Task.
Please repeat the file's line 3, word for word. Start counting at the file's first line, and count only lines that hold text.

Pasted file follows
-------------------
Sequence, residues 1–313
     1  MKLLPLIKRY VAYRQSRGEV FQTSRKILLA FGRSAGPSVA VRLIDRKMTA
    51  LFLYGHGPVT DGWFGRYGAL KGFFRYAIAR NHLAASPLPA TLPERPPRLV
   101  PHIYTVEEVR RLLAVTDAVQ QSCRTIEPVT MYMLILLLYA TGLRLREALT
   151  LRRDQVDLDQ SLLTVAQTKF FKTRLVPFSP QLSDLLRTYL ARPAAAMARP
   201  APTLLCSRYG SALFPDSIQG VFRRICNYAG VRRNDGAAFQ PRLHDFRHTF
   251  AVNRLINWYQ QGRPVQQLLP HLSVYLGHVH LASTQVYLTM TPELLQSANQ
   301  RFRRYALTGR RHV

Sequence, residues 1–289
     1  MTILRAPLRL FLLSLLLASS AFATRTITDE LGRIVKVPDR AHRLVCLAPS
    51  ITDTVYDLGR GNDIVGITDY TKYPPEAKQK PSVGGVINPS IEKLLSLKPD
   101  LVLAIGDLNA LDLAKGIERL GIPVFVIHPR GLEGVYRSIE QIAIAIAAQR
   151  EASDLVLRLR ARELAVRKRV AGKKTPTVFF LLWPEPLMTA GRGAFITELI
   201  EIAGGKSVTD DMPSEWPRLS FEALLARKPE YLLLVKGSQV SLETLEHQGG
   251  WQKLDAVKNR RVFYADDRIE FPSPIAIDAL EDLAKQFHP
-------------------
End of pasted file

    51  LFLYGHGPVT DGWFGRYGAL KGFFRYAIAR NHLAASPLPA TLPERPPRLV